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Plast Reconstr Surg. 2012 Sep;130(3):455e-61e. doi: 10.1097/PRS.0b013e31825dcb48.

The virtual focus group: a modern methodology for facial attractiveness rating.

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Division of Facial Plastic and Reconstructive Surgery, Department of Otolaryngology-Head and Neck Surgery, the Beckman Laser Institute and Medical Clinic, University of California, Irvine, Irvine, CA 92612, USA.



Traditional focus groups have been essential to facial aesthetics research. Although they are currently the criterion standard in acquiring facial attractiveness ratings, they retain many shortcomings. This study's objectives were twofold: to determine whether attractiveness scores obtained from a social network site correlate with those from the traditional focus group method; and to evaluate whether this methodology could be a superior tool in evaluating facial attractiveness.


Forty facial portraits were rated for attractiveness scores using three different subject recruitment methods: traditional live focus groups (n = 123 raters), Internet-based rating (n = 857 raters), and a novel method using a combination of focus groups and a social network site (i.e., Facebook) (n = 1775 raters). Each facial image was scored on a 10-point Likert scale. Regression analysis compared each approach to the traditional method.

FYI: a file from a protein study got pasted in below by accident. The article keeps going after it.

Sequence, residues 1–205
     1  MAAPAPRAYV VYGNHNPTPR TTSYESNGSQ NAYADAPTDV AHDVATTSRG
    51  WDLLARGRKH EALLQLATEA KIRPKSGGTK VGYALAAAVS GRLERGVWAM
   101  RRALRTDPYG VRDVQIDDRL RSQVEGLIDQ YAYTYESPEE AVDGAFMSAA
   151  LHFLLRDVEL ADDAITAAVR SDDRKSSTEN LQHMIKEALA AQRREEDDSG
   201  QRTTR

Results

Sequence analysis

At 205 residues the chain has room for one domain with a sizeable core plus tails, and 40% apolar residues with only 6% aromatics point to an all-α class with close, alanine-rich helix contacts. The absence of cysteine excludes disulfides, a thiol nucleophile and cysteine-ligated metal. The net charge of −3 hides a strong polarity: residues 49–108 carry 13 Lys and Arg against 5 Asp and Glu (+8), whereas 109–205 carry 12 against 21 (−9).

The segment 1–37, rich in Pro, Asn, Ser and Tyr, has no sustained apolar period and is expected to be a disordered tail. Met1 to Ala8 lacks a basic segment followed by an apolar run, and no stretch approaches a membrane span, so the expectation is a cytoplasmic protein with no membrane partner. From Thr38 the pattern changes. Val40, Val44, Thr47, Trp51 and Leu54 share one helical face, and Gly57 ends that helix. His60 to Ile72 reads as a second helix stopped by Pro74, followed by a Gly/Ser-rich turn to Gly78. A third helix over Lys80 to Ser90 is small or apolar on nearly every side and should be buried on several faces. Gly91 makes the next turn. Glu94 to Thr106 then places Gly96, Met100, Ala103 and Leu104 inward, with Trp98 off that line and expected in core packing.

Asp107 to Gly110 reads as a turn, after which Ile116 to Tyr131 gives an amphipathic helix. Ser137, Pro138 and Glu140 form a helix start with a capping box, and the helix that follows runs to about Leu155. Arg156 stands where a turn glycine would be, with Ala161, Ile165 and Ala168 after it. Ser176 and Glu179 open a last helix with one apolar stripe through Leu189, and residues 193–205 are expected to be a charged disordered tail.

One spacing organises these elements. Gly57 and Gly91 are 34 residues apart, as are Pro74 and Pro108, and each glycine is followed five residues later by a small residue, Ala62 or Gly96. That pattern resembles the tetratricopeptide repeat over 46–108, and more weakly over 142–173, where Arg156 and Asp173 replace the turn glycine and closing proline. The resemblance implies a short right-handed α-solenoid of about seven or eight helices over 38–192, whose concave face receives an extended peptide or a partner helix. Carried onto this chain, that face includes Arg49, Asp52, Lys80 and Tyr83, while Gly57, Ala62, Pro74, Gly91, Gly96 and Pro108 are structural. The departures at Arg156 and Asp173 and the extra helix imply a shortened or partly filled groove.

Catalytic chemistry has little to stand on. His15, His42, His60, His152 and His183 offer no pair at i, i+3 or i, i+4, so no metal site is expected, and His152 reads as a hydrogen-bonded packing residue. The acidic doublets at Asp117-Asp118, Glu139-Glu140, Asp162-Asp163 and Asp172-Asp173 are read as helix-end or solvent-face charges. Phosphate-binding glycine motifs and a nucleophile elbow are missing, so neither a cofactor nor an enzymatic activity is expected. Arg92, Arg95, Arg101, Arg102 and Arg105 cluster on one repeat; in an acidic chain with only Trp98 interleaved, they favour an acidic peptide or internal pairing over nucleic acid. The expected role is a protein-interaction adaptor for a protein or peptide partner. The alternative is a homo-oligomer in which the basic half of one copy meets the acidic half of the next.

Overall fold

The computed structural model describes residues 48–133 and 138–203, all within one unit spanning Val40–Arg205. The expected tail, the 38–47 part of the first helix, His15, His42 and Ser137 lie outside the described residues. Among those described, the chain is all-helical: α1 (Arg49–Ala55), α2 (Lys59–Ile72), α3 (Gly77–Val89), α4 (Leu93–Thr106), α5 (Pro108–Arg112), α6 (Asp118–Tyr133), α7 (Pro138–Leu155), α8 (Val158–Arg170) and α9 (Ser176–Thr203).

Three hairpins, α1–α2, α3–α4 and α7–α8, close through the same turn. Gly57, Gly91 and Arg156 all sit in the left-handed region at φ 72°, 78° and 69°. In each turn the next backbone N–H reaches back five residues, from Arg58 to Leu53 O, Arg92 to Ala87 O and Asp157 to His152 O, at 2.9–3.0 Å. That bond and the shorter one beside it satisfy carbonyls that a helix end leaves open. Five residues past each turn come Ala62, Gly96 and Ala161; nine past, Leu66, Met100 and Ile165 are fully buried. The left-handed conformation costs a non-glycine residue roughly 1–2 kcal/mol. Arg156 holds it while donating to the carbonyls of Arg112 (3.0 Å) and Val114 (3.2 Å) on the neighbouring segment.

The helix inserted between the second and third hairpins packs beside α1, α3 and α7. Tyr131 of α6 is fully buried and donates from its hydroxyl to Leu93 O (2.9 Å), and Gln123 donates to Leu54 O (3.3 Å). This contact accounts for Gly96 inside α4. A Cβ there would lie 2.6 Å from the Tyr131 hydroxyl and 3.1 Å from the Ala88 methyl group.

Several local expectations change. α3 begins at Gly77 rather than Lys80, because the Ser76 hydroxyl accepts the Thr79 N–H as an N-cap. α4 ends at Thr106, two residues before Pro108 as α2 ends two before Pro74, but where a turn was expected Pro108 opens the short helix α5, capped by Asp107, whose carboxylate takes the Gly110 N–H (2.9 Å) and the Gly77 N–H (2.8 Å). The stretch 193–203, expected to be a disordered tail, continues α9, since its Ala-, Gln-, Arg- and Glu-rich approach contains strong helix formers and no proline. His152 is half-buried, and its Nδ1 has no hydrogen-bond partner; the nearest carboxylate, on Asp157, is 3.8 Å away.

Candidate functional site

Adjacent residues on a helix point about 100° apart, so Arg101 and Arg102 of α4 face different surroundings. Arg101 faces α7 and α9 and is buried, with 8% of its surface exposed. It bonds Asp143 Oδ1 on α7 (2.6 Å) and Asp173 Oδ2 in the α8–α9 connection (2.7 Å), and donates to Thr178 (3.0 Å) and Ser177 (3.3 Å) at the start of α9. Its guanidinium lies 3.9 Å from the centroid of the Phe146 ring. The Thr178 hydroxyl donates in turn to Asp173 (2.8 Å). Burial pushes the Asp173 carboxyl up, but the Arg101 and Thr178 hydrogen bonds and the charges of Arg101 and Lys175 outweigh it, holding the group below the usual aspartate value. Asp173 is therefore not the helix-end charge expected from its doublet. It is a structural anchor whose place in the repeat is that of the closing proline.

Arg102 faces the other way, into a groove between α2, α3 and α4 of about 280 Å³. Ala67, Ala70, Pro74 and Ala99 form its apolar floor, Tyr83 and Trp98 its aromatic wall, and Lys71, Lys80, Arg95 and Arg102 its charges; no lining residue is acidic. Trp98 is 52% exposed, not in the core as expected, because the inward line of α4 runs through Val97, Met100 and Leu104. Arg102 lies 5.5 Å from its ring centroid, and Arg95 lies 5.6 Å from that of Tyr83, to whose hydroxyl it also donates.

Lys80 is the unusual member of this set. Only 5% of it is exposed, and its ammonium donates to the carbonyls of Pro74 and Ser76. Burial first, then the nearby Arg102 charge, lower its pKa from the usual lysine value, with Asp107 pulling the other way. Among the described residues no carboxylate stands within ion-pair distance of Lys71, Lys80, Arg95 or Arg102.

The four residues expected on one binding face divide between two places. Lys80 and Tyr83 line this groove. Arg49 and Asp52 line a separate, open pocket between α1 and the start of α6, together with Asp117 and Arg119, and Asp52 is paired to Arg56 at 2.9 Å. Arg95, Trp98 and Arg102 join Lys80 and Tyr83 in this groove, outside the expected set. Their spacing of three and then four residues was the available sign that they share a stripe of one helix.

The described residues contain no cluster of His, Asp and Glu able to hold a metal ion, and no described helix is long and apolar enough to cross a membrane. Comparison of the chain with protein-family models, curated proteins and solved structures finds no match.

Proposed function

The methods varied in terms of data accrual time, rater demographics/ages, researcher's accessibility, necessity for subject incentives, researcher labor, and rater effort/accuracy. A strong correlation (0.922) existed between the online social network-based rating and focus group method. A minimum of 992 raters achieved stabilization of the attractiveness scores using social network-based rating.


This study shows significant advantages to using a social network site-based method over both Internet-based rating and traditional focus groups for evaluating facial attractiveness. The main benefits include exponential increase in raters, minimized researcher time/labor, rater scores comparable to those of the focus group method, nonnecessity of rater monetary incentives, and selectable demographics/ages of raters.

[Indexed for MEDLINE]

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